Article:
For the Conservatives, the internet has long been an area of concern. The unfettered, unchallenged, ‘Wild West’ culture present online is an alien world to many of the ageing Conservative Party. Since the digital world has crossed over into the economic and political mainstream, they have sought to control what happens online.

Prior to the 2017 General Election, they wrote in their election manifesto,

Some people say that it is not for government to regulate when it comes to technology and the internet. We disagree’.

It was a statement of intent from a party whose domination of news and media has been challenged by digital campaigning and online alternative media.

‘At a time when the internet is changing the way people obtain their news, we also need to take steps to protect the reliability and objectivity of information that is essential to our democracy and a free and independent press. We will ensure content creators are appropriately rewarded for the content they make available online. We will be consistent in our approach to regulation of online and offline media’.

Their desire to curb freedom of speech online and de-platform dissenting and ‘unqualified’ voices has been present for a number of years. Following the Parsons Green bombing in London, there were renewed calls for censorship of certain information online — such as hate speech, bomb building guides, and extremist websites.

Now, in the wake of the Cambridge Analytica/Facebook scandal, they have once again called for further regulation of what happens in the digital world.

Matt Hancock, Secretary for Digital, Culture, Media and Sport wrote an op-ed in the London Evening Standard in which he declared that:

‘There comes a time when the pendulum swings. When the adolescents who moved fast and broke things grow up. When the rights and responsibilities that govern our offline world need to be brought to bear’.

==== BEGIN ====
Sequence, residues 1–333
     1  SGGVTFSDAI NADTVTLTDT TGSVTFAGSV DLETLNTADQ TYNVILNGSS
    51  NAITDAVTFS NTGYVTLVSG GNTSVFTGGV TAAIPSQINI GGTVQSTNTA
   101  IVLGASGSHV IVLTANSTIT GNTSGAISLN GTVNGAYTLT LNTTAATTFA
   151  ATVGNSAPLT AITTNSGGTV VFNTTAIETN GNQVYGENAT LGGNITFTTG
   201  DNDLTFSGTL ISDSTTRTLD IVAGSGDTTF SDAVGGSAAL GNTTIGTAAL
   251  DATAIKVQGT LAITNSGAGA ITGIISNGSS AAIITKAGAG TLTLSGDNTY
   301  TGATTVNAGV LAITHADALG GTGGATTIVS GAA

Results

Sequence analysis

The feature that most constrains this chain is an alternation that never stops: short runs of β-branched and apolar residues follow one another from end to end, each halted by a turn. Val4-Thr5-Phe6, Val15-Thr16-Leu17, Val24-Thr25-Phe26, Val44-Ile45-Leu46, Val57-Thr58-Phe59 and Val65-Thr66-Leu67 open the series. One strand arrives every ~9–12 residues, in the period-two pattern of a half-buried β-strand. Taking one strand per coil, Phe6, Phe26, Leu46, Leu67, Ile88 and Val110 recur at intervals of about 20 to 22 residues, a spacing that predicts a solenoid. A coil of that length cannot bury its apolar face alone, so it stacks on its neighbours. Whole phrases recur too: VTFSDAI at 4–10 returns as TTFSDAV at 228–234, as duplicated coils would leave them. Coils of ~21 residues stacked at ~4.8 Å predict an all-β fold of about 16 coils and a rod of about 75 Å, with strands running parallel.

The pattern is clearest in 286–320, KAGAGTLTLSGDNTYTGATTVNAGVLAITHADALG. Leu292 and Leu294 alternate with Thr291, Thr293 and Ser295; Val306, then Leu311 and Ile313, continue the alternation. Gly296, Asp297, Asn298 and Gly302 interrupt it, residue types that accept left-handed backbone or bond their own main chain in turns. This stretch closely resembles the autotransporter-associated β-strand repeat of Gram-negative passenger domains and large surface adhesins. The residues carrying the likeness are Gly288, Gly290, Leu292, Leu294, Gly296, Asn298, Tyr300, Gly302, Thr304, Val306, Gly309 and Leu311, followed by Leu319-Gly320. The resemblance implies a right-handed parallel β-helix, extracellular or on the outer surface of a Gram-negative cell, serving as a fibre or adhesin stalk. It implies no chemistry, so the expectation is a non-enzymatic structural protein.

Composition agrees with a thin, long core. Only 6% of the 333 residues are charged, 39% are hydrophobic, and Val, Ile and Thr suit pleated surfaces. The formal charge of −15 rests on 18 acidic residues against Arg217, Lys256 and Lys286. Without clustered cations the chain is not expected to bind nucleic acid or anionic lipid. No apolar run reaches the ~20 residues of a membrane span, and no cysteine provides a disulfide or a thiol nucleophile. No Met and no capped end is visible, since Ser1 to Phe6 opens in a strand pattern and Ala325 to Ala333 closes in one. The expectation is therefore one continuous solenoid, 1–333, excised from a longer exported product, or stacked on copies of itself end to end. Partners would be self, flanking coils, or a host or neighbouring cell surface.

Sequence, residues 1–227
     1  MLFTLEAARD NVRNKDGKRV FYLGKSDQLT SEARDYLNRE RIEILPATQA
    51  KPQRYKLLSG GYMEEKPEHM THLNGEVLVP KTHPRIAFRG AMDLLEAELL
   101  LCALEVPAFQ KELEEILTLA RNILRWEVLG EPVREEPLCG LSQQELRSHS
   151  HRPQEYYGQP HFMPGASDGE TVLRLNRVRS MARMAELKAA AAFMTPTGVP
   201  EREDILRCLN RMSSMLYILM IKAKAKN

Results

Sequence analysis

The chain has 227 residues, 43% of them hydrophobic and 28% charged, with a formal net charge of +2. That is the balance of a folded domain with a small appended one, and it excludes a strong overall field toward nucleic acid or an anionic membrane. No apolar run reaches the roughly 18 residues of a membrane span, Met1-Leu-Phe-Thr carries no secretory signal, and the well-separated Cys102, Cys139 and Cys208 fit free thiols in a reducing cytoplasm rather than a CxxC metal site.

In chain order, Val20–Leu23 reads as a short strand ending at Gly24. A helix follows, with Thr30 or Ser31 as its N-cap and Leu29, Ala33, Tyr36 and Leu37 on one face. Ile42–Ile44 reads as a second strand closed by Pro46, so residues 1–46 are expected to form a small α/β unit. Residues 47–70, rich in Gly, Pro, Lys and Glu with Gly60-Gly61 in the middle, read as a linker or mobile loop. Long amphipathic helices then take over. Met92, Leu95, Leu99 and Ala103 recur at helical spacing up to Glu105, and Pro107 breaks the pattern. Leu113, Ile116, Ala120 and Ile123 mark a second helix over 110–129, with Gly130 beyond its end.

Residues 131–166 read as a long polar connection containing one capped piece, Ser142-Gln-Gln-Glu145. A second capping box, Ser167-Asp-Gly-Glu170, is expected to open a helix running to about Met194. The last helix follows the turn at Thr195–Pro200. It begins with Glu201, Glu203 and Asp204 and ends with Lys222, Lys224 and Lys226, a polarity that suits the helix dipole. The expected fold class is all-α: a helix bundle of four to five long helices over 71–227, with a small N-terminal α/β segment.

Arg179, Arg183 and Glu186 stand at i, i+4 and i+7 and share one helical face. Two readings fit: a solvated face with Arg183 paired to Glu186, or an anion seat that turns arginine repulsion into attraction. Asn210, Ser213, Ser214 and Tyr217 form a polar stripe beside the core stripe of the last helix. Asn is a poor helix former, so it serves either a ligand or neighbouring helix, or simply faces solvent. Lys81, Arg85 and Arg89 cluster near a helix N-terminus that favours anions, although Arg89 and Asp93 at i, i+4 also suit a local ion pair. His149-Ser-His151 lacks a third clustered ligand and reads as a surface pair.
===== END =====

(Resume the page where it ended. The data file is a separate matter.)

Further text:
He called out companies for abusing the data they collect on each and every one of us and claimed that Mark Zuckerberg was now going to bring Facebook under compliance of the ICO and the new GDPR regulations, as well as complying with ICO investigations into abuse of personal data. All this despite refusing to appear before UK Parliament (after appearing before the US Senate and the European Parliament).

He was particularly critical of the way in which social media firms profit off of our data with little to no scrutiny.

Whilst most of what they have laid out to date are simply vague platitudes about controlling the digital world and making it a safe space for consumers and businesses, they have yet to formulate concrete plans. The Data Protection Bill set to come into law (that with ratifying the GDPR), takes some steps towards creating a larger regulatory framework online, but falls somewhat short of their ambition to ‘make sure the UK is the safest place in the world to be online and the best place in the world to start and grow a digital business’.

In order to go further, they need to understand the vast scope of the internet and the monstrous amount of resources that would be required to police, censor, and regulate internet content. For now their work on personal data protection is a good start, but until they understand the scope of their ambition, it will be difficult for them to move much further.

By Josh Hamilton

Editor-in-Chief at

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